Alert: "SCOTX Affirms Second-Look Approach for Liquidated Damages, Clarifies Each Side's Burdens"
Nearly six years after its opinion in FPL Energy, LLC v. TXU Portfolio Mgmt. Co.,1 the Texas Supreme Court once again took up the issue of whether liquidated damages constitute an unenforceable penalty in Atrium Medical Center, LP v. Houston Red C LLC.2 In upholding the enforceability of the liquidated damages clause (LD clause), the Court, as in other recent contract interpretation cases, emphasized Texas’s strong policy favoring freedom of contract. That policy, however, is tempered by the universal rule that damages for breach of contract cannot exceed just compensation for the actual loss. Liquidated damages are intended as a substitute for actual damages. Thus, an LD clause that produces a liquidated damages amount that exceeds just compensation—either in design or operation—constitutes a penalty and is unenforceable.
The Court confirmed that Texas is a Second-Look jurisdiction with respect to the test to determine enforceability of the LD clause. It clarified that the party seeking to enforce the LD clause (usually the plaintiff) bears the initial burden to show that at the time the agreement was executed (1) the harm caused by the anticipated breach was incapable or difficult of estimation, and (2) the amount of liquidated damages called for was a reasonable forecast of just compensation. Phillips v. Phillips.3 If those two requirements are satisfied, then a party seeking to invalidate the LD clause may try to show an “unbridgeable discrepancy” between the actual damages incurred at the time of breach and the stipulated damages under the LD clause (the Second-Look). If there is an “unbridgeable discrepancy” between the actual damages and the liquidated damages, the estimate was in reality not an accurate forecast of just compensation and the clause will be invalidated as a penalty.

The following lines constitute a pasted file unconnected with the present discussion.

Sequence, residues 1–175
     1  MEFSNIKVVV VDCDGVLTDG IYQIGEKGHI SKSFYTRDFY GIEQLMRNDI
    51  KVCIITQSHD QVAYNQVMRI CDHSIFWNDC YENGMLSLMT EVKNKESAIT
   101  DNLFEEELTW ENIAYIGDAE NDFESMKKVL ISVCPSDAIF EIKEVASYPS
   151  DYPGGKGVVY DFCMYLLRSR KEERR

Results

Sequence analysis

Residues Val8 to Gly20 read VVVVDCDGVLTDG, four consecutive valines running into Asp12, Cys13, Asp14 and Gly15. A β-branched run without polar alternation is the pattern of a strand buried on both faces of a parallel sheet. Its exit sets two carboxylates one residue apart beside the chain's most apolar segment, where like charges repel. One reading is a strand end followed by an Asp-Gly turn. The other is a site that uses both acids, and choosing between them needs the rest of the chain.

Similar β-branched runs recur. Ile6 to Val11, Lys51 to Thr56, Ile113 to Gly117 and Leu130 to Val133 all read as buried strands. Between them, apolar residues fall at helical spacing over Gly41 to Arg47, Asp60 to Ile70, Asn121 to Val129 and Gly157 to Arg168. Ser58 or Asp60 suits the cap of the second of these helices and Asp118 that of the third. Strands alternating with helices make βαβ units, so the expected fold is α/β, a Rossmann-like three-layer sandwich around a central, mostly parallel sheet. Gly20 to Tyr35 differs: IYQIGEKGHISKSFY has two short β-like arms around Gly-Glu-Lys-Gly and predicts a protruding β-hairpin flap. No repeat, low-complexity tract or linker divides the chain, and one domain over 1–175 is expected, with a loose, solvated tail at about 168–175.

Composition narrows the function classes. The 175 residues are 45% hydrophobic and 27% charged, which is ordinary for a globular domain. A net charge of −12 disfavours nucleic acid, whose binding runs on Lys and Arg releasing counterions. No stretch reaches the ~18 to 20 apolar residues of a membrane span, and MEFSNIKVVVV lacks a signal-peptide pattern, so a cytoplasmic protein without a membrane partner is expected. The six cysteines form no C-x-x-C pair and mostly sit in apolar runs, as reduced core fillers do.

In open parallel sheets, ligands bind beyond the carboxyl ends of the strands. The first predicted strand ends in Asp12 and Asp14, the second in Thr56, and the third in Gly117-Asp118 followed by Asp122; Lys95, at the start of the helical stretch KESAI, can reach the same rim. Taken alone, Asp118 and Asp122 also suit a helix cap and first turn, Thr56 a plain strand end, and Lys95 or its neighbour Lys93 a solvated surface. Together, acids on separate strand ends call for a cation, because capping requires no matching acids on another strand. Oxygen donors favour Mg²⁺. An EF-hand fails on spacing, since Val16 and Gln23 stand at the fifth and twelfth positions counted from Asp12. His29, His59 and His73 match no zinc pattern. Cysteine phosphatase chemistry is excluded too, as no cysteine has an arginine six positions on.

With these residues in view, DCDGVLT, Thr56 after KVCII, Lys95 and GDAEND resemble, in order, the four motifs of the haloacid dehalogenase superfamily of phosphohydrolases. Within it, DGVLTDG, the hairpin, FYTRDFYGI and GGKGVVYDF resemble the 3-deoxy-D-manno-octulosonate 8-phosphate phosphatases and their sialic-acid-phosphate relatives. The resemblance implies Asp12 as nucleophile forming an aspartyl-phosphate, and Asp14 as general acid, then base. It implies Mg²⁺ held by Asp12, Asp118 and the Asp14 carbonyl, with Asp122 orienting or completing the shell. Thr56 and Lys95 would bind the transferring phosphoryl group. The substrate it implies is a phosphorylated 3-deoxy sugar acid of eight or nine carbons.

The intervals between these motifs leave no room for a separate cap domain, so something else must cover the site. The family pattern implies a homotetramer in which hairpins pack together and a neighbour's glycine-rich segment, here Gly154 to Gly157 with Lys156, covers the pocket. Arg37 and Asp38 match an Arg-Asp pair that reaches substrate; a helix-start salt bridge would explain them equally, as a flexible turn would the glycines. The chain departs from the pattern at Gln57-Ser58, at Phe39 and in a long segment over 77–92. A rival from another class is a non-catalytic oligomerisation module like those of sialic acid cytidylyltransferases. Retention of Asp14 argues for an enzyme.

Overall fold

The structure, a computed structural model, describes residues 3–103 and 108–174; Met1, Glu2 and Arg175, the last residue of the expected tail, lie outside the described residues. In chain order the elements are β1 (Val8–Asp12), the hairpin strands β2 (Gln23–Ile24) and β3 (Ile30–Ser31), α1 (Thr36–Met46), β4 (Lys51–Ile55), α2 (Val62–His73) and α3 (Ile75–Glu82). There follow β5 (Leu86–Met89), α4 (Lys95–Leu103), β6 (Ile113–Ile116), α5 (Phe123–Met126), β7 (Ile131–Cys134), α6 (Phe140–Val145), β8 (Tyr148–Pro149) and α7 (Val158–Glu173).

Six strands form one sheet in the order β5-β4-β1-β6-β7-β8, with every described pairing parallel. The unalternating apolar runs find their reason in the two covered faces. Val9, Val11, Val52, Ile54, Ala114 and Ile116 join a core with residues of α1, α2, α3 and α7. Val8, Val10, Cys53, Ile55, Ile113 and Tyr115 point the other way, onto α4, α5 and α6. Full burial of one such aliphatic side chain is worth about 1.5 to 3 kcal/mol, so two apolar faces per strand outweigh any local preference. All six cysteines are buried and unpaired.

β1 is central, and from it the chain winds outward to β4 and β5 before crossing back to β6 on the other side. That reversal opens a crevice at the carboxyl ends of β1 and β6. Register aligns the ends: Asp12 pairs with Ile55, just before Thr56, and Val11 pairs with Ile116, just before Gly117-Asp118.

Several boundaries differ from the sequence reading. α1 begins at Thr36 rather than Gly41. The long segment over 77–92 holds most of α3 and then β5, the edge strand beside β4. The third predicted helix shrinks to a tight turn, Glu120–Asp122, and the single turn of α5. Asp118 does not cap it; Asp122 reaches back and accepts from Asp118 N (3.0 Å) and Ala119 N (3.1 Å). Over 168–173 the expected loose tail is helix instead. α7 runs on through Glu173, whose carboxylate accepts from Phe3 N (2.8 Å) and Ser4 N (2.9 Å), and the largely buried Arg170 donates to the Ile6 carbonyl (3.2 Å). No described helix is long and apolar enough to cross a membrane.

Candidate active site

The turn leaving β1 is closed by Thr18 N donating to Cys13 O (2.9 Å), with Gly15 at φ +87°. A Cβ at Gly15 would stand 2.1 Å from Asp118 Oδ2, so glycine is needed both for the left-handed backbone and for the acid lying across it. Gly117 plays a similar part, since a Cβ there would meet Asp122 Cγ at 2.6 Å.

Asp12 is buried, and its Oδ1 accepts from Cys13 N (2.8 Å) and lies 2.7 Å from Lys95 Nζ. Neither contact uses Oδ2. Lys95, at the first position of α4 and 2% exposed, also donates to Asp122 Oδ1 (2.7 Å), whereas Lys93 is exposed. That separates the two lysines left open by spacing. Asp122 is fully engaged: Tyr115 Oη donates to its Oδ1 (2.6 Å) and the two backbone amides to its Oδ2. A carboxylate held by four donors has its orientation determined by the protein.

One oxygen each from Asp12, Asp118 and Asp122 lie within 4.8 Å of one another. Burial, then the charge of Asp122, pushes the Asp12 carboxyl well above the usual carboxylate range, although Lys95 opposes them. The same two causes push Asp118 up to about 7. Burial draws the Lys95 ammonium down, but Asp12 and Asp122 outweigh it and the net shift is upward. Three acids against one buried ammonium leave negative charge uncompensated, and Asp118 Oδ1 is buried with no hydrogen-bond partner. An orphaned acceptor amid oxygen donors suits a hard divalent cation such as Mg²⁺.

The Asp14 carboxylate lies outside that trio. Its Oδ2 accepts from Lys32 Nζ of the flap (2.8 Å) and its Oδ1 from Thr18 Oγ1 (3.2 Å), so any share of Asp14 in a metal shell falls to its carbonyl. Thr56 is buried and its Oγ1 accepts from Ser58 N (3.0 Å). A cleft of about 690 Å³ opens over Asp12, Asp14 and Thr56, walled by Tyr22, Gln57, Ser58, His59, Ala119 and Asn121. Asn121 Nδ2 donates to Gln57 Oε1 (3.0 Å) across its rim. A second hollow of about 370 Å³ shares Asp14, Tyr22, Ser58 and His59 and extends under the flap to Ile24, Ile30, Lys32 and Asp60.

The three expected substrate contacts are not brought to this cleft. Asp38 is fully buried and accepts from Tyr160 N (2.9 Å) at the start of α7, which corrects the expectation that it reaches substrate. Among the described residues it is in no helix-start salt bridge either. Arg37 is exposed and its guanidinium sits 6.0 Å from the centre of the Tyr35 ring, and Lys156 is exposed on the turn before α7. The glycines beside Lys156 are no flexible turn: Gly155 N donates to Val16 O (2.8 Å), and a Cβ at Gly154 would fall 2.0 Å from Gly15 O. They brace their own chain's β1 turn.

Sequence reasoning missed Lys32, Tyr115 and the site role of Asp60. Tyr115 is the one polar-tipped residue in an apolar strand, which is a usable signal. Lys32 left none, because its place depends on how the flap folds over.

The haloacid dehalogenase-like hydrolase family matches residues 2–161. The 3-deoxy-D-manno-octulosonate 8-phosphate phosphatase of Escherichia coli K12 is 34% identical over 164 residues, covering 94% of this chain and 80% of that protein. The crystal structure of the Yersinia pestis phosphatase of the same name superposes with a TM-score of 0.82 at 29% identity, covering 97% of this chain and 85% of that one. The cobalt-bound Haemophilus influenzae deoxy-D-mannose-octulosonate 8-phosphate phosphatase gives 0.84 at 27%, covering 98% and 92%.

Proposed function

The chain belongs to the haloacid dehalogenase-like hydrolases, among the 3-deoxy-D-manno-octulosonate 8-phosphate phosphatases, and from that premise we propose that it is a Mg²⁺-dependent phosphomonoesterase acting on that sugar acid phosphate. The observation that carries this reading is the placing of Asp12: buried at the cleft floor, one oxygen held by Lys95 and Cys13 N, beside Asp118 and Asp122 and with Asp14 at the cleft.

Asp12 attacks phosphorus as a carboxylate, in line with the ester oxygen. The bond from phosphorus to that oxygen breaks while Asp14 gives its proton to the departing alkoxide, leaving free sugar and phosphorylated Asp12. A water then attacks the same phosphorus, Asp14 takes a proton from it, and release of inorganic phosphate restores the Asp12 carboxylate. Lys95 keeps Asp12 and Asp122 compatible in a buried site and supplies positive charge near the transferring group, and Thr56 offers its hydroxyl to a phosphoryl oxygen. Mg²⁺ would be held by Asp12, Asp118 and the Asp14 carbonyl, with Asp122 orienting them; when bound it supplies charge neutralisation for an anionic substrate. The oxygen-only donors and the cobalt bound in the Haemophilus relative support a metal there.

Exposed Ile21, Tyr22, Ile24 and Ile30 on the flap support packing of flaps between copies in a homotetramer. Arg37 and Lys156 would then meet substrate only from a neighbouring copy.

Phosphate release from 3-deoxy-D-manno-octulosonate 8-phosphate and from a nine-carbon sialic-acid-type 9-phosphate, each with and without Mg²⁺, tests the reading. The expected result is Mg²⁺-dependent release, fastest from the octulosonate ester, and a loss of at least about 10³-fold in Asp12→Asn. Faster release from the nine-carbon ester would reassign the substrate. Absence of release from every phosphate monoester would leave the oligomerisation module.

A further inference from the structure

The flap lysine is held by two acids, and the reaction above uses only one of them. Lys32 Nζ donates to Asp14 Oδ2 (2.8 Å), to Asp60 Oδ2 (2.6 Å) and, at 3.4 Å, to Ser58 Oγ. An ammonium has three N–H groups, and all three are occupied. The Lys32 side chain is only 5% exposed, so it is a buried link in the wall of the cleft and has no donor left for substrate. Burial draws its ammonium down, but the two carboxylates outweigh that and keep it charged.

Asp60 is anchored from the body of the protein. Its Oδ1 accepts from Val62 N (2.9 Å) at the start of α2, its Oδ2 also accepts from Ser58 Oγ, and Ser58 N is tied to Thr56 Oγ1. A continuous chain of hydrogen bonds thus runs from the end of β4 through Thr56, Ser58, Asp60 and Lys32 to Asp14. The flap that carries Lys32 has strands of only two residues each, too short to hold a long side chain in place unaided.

In discussing the evidence relating to actual damages, the Court disapproved of several lower court opinions that held a claimant’s failure to mitigate the breach of contract was not to be considered in this analysis. It explained that evidence showing the claimant could have mitigated the breach to reduce the claimant’s actual damages can be used by the challenger to increase the difference between the actuals and the liquidated damages for proving an unbridgeable discrepancy. In effect, the party challenging the LD clause may show an unbridgeable discrepancy by proving the other party’s actual damages and failure to mitigate.
For contract drafters, the Atrium opinion reinforces that at the time of contracting parties must carefully consider, and perhaps reflect in the LD clause itself, facts and circumstances that explain why the harm sought to be addressed is incapable or difficult of estimation and why the amount specified in the clause is a reasonable forecast of just compensation. For example, parties might recite existing market circumstances, uncertainties in expected performance, ranges of pricing, or other data and information. This will not automatically make the LD clause enforceable, but it will inform the court interpreting the clause in hindsight about how the parties arrived at the LD amount. If one of the parties later seeks to invalidate the LD clause, that party should be sure to designate an expert to calculate the opponent’s actual damages and any failure to mitigate to have the best chance of demonstrating the unbridgeable discrepancy.
1 426 S.W.3d 59, 72 (Tex. 2014).
2 No. 18-0228 (Tex. Feb. 7, 2020).
3 820 S.W.2d 785 (Tex. 1991)